Supporting the Global Roundtable for Sustainable Beef and signing any agreement will simply confirm that, in environmental and animal welfare terms, all Australian beef is no different or better than beef from factory farms or recently destroyed rain forests.
The GRSB is little more than a publicity stunt to protect the investments of a handful of major multinational corporations. These companies can see the consumer tide moving against their financial interests. They recognise that a technical, real world solution is costly and have deliberately chosen to massage public perceptions through a process of industry politics and public relations.
They have chosen to use their immense collective political and advertising power as the tools to solve this problem. The fate of the genuine, environmentally sustainable, cattle producer matters little to them.
The GRSB is designed to make all beef equal, but at the lowest possible environmental and animal ethical standard. Its owners and backers, multinational food corporations and their associates, want something for nothing.
The Global Roundtable for Sustainable Beef is an attempt to smash an important point of difference along with the reputation, community respect and hard-won market share of Australian cattle farmers who genuinely produce sustainable beef.
The Cattle Council of Australia must resign from the Global Roundtable for Sustainable Beef. It must not support this cynical exercise in market power designed to mislead consumers and undermine genuine cattle producers.
Who are the movers and shakers on the board of the Global Roundtable for Sustainable Beef?
The President is Cameron Bruett, a JBS executive based in the USA. Bruett previously worked for a US Senator and has a proven record as a political operator.
The Vice President and Treasurer is Roger Cady, an executive from Elanco, and another Vice President is Gary Johnson from McDonald’s.
Under the Global Roundtable for Sustainable Beef’s constitution, the President, two Vice Presidents, and the Treasurer will be the Executive Committee that runs the organisation.
At this stage, the Executive Committee includes the representative of JBS, Elanco and McDonald’s.
JBS: possibly the biggest factory farmer in the world with cattle feedlots with a one time capacity of about one million head in North America, and about 150,000 head in Australia. In addition, JBS process 100,000 head of cattle per day, 70,000 pigs a day, and 12 million chickens a day.
You might say JBS is an outstanding example of a successful business – a champion of the competitive free enterprise systems. If only that was 100% true. JBS is 30% owned by the Development Bank of Brazil following a recent debt for equity swap (read bailed-out or subsidised by the Brazilian government). JBS is one of the biggest beneficiaries of the US corn subsidy (provided by US tax payers) that underwrites factory-farmed cattle, pigs and chicken in the USA.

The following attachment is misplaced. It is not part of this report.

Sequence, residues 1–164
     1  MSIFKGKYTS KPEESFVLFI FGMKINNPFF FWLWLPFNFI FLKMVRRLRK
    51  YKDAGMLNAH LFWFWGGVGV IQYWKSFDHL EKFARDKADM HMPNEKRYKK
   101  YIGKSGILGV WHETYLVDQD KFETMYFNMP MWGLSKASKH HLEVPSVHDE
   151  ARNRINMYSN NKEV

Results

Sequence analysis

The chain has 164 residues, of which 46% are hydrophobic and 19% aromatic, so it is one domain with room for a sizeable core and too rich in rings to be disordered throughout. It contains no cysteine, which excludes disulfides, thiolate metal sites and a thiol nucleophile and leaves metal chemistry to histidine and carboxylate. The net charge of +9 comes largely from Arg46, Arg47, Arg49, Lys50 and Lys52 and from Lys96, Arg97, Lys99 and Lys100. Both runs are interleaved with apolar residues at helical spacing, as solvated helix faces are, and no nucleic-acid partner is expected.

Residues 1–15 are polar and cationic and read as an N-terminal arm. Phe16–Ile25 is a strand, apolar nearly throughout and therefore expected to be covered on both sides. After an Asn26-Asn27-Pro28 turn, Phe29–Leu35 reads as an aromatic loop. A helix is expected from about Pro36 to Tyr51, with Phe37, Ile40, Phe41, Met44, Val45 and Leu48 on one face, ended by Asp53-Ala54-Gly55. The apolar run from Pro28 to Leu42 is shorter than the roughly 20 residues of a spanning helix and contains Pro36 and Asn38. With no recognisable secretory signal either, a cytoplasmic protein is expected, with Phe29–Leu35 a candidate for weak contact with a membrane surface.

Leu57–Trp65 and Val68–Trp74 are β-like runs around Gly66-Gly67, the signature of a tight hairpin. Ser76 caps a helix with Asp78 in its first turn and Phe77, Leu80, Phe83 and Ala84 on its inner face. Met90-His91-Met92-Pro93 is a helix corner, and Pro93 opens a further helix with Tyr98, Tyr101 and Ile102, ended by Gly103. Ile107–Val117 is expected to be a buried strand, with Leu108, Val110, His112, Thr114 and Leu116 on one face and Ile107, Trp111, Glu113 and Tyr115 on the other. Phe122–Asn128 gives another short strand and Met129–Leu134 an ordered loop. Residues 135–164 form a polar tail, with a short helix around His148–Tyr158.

Cargill is a multi-national, privately owned, agri-food corporation with global sales in excess of US$100 billion pa. It’s a significant factory farmer with a one-time cattle feedlot capacity of 340,000 head. The company processes 8 million cattle pa. It also processes 8 million pigs raised by “contract producers” – who are required to have a minimum capacity of 1,200 pigs. Cargill has recently commissioned a A$300m chicken farm in China.
Multinational Elanco, (a subsidiary of Eli Lilly that recently purchased Novartis) lives off factory farmers (JBS and Cargill are probably its biggest customers). Elanco provide the spectrum of drugs needed to keep factory-farmed animals alive and productive. This includes rumen modifiers for cattle, a wide range of antimicrobials for cattle, pigs and chickens, hormone growth promotants used in cattle, and more exotic beta adrenergic agonists growth promotants used in cattle, pigs and chickens.
McDonald’s a major JBS and Cargill customer and one of the world’s biggest sellers of factory farmed meats. Worldwide the company has 34,000 outlets and employs 1.7million people. In the US, 14,000 outlets sell 350,000 tonnes of beef per year, an average of 25 tonnes per outlet. A clean green claim for their burgers would provide a significant marketing angle.
When it comes to commitment to the Australian cattle industry you can’t look pastWoolworths. Beef represents less than 2% of Woolworths’ sales. Its biggest single business is poker machines (biggest operator of poker machines in Australia) followed by the sale of alcohol. The board of Woolworths is well qualified to lecture Australians on ethics.
Is Woolworths subsidised? Legally no, but in reality, yes. Woolworths, along with its twin Coles, are outstanding global examples of monopolies.
Together they control 80% of the grocery market in Australia and more than 50% of the retail beef sales. This level of market share is known to be anticompetitive and not permitted in the UK, USA and Europe. In these countries they would be required to sell off stores to restore competition, innovation and productivity in wholesale and retail markets.
In reality, Woolworths and Coles are protected by government legislation that allows them to operate as monopolies and exercise their buying and selling powers – to the detriment of their suppliers and retail customers.
It’s not the first time CCA has got it wrong
It’s not unlike the US strategy on BSE, when in 2010 the US tried to con the Australian government into allowing US beef into Australia.
The US reasoning being: if Australia, which has never had a case of BSE, accepts US beef, then Japan and South Korea have no basis for rejecting BSE tainted US beef.
At the time CCA supported the US proposal. Fortunately, the Australian Government rejected the US proposal and defended the interests of Australian cattle producers.
Author: Athol Economou
Athol Economou, ABA Director
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Richmond Vic 3121
T: 03 9421 2855